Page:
If you’re producing a live news or entertainment program where you have individual correspondents in remote locations, your field camera kits can be more streamlined and efficient.
Your camera and audio needs in the field can vary, but they are a necessary part of any REMI production.
At Broadcast Management Group, we have developed three drop kits as part of our Live At Home REMI solution. Cameras consist of either an iPad Air (for our basic kit) or a 4K PTZ robotic camera (for our Pro and Pro+ packages).
Key components of your REMI control room
All REMI production workflows rely on a central control room. This is where all of your camera and audio signals are fed and where your primary switching, mixing, and transmission takes place.
Your REMI control room can range from a flight pack to a dedicated control room to a production truck. Your REMI control room can – and will – vary depending on your needs. And those needs will be dictated by the content that you’re producing.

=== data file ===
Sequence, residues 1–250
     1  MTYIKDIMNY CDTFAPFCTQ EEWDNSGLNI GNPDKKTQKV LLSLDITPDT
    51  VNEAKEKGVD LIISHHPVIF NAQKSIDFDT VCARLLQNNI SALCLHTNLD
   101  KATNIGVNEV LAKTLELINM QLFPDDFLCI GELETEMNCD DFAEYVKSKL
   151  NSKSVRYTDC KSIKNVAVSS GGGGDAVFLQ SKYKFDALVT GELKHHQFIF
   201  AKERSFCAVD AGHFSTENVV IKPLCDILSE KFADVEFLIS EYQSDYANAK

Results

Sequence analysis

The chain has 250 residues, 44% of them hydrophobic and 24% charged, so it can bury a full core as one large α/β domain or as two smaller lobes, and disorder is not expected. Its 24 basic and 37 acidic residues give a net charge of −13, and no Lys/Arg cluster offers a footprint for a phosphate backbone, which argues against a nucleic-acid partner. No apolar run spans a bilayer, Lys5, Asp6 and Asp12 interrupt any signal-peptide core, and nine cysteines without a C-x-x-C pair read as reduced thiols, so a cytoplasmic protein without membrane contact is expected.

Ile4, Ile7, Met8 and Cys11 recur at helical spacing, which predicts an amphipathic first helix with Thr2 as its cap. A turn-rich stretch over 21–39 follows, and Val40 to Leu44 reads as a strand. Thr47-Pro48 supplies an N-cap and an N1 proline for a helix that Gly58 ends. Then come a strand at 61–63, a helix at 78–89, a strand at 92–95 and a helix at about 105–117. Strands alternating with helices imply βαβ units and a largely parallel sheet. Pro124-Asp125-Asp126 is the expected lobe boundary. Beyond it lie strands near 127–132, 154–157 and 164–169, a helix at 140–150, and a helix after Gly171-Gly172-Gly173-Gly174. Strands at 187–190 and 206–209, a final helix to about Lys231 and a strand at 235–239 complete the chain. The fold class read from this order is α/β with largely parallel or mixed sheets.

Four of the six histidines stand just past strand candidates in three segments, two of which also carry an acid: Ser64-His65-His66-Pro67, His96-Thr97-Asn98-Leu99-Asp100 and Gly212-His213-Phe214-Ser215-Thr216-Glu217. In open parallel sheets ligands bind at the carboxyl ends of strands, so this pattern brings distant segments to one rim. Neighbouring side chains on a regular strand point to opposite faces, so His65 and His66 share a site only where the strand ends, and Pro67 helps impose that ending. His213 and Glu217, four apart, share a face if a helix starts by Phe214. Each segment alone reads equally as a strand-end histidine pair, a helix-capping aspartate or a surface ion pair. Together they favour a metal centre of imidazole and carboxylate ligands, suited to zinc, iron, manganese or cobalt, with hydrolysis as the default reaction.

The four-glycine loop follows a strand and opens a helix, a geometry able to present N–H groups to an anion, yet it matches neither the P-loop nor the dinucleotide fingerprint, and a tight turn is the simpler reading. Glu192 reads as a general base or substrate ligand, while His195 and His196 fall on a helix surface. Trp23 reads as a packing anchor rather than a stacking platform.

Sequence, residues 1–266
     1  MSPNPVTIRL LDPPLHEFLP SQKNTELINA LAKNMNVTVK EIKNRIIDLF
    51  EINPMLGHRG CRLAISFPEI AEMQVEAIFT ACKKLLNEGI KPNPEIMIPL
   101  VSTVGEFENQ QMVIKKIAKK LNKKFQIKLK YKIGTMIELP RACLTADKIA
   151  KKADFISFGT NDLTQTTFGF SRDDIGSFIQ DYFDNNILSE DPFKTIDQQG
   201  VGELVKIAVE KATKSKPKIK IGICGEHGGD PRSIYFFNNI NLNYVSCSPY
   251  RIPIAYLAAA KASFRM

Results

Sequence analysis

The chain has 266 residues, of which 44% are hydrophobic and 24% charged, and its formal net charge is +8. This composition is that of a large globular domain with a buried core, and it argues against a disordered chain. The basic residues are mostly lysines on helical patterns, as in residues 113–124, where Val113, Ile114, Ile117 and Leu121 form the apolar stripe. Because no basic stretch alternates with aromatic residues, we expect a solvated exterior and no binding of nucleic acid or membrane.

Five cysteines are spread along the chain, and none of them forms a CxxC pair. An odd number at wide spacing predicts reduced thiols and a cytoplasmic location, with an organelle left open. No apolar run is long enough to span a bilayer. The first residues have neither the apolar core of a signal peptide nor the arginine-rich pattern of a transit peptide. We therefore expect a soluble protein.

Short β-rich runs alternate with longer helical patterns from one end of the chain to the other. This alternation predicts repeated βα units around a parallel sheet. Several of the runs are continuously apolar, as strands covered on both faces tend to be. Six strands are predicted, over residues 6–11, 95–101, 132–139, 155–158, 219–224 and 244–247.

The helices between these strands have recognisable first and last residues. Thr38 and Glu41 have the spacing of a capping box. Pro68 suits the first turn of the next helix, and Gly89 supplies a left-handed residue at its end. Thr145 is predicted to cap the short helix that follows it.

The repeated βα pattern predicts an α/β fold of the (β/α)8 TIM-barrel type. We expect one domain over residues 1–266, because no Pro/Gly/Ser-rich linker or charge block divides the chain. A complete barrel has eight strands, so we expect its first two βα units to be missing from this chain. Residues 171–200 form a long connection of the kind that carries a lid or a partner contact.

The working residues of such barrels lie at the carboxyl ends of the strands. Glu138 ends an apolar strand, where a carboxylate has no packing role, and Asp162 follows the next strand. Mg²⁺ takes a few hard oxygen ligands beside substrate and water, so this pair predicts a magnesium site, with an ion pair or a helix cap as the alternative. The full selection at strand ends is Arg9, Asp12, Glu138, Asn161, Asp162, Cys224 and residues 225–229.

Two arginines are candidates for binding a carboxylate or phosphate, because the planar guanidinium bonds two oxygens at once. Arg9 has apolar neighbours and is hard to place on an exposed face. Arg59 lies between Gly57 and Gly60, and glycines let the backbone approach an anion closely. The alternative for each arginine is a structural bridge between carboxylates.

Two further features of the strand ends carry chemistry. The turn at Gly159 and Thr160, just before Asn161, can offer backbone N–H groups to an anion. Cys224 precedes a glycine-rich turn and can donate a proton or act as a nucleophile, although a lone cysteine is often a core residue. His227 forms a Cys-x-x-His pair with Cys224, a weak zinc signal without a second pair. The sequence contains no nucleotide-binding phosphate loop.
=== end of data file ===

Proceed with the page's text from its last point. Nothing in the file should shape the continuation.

Generally speaking, a REMI control room will need the following:
- Video switcher
- Audio mixer
- Graphics system
- Record and playback system
- Comms system
- Inbound and outbound transmission capabilities
Again, these are baseline requirements. Your content will dictate the technical needs.
An added aspect that we have integrated into our Live At Home REMI solution is virtual set technology. By shipping a green screen to our talent, we can create a completely customizable, branded virtual backdrop that fits the program’s aesthetic.
Transmission and connectivity are HUGE components of a successful REMI production.
Your transmission needs can be broken down into three categories:
- Connectivity at your primary talent location